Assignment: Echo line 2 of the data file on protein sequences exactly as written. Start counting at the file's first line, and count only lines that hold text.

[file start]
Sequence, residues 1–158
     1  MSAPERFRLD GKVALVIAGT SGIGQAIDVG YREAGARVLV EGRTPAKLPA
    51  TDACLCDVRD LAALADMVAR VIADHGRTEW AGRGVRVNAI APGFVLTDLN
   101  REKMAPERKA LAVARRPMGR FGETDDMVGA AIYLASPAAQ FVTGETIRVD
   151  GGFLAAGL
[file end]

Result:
     1  MSAPERFRLD GKVALVIAGT SGIGQAIDVG YREAGARVLV EGRTPAKLPA